Tim Wilson and I talk about this phenomenon from time-to-time and we think that it's one that shows why Creative COW Magazine has become so popular among its readership; a readership that grows daily and is already equal to that of many magazines that have had decades of lead on us. The same phenomenon is also seen in the book series of Harry Potter. (Are we saying that we are like Harry? We wish!)  It's funny that people cite today's young as suffering Attention Deficit Disorder and that they are so saturated with "TV Mindset" that they can't keep their focus long enough to read anything. But Harry Potter has outsold everything else in its generation and is the biggest selling book series of all time.

The point?

Give readers something worth reading and they will read it. Make it of value and they will hold onto it.

We get letters over and over again from teachers and readers who tell us that they keep every issue we make. We are honored by their words and are grateful that they recognize the work that goes into an issue of Creative COW Magazine.

We believe that the COW is full of great people and stories and it's our job to sift through the overwhelming "mountain of information" that is CreativeCOW.net and present it to our readers in a logical flow of information that is of value to our readers. We don't just back up a dump-truck and drop a mountain in their yard. We work hard to take a concept and dig down into an idea and explore the idea in ways that our readers will draw benefit from.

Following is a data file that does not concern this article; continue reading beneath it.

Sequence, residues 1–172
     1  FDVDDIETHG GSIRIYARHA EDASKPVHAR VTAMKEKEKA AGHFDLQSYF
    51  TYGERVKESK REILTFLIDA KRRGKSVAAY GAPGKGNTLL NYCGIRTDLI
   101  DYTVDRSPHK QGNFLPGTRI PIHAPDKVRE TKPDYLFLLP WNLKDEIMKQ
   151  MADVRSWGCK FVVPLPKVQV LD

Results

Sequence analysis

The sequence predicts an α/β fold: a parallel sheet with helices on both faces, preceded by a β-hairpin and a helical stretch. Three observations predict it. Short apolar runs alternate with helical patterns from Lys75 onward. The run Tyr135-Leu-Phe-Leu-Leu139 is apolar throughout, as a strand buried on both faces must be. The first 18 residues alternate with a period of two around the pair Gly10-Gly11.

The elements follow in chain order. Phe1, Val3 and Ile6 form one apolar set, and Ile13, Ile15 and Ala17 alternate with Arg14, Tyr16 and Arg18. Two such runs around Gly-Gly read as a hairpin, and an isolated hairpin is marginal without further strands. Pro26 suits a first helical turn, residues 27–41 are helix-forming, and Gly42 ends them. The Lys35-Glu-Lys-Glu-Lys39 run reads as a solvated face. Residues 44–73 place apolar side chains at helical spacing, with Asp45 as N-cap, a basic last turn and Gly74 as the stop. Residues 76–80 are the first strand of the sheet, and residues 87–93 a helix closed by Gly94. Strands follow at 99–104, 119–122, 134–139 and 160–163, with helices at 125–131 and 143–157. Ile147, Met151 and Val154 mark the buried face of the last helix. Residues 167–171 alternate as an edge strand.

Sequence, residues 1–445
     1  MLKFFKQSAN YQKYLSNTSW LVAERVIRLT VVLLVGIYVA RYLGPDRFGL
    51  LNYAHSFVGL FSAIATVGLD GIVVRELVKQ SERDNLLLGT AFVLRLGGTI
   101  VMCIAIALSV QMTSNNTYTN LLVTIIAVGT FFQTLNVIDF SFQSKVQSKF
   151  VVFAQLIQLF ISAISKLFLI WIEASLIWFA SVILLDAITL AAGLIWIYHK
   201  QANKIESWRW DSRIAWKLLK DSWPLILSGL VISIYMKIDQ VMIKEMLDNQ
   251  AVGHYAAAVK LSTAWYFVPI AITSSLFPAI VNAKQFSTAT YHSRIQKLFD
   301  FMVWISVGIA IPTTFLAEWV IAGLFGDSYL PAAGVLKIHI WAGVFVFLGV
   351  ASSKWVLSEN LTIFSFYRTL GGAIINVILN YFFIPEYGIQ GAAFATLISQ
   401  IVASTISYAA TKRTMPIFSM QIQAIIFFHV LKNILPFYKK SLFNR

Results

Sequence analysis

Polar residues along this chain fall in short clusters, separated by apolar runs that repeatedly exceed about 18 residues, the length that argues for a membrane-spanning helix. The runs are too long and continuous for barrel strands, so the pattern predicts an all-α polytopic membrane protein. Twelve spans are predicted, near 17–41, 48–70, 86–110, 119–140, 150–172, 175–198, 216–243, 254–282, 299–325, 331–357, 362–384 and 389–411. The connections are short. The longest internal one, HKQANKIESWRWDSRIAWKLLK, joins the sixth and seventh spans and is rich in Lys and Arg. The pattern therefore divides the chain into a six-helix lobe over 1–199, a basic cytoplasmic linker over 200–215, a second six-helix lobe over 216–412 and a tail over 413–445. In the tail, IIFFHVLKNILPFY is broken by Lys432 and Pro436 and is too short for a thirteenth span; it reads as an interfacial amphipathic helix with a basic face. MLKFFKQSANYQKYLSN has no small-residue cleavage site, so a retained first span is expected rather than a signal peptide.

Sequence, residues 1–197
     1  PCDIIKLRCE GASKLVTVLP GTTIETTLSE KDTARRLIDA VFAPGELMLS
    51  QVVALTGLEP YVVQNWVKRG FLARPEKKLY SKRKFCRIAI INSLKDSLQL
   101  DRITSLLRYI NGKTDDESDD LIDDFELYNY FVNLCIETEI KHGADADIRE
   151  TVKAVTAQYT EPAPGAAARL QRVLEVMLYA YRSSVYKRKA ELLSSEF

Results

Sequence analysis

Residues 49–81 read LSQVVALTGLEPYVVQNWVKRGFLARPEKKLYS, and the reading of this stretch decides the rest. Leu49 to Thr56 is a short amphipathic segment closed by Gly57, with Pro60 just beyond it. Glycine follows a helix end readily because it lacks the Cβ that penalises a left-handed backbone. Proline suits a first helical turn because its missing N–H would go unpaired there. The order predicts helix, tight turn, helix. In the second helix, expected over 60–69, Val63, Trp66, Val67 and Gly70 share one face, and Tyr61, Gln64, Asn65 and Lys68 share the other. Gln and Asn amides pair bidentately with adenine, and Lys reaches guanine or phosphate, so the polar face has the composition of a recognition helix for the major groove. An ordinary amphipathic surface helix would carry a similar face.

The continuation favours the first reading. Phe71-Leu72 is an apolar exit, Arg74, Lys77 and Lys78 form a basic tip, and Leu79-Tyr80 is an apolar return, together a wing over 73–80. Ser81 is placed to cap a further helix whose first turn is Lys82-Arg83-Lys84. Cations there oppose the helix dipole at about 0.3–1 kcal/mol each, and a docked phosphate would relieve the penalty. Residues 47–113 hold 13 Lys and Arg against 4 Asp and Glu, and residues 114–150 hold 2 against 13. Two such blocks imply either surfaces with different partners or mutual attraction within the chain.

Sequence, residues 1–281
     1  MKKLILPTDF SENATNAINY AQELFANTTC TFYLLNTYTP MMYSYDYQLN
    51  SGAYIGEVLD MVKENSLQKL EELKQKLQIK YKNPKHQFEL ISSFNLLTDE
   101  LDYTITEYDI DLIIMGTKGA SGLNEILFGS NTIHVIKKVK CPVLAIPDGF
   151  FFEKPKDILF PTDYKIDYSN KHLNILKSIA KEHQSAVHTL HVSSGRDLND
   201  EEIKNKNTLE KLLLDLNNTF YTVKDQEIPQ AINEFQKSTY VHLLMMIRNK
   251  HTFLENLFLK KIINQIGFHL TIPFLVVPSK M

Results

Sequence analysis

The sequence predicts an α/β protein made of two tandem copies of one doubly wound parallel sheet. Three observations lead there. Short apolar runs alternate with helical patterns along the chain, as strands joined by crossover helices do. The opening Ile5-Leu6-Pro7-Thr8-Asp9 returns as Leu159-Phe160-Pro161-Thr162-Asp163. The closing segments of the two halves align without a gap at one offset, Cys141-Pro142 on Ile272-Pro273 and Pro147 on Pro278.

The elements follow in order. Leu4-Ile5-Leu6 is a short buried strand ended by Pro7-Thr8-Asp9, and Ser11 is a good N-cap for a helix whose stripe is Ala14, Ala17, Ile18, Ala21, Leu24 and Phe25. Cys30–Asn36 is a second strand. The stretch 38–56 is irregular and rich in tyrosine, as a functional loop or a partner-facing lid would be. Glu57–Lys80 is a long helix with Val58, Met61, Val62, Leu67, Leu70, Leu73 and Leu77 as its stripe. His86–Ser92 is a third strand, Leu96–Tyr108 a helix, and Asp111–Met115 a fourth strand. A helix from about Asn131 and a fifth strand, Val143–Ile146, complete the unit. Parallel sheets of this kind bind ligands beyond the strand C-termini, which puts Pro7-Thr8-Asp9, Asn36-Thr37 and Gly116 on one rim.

The COW is a wealth of information and it can be quite overwhelming to people, at times. By exploring definitive concepts in print in Creative COW Magazine, we give our readers something worth reading that is more than the "here's a box with a knob and what the knob does on the box" journalism. Sure, there are times that we get technical but we try to make the technical within the scope of the concept being explored. 

So, for those of you who write us or call and ask: "Why do you make magazines? They are a thing of the past." -- there's your answer.

Oh, and thanks again to all of you who take the time to write us and give us your feedback. We really do appreciate your time and reply.

Best always,

Ron Lindeboom 

 




Creative COW Magazine succeeds because it's an oddball

Well, the new issue of Creative COW Magazine is at the printer and should be run shortly. Hopefully, all the work that Tim Wilson and I put into it will open up some interesting discussions and get people to open their minds to the incredible opportunity that lies in front of them. It is not often that a market shift opens up as many opportunities as that which the rapidly accelerating world of mini-media is doing. We have tried to explore this new media opportunity from many differing vantage points. This, so that readers can examine how the principles may play into their respective worlds -- or not.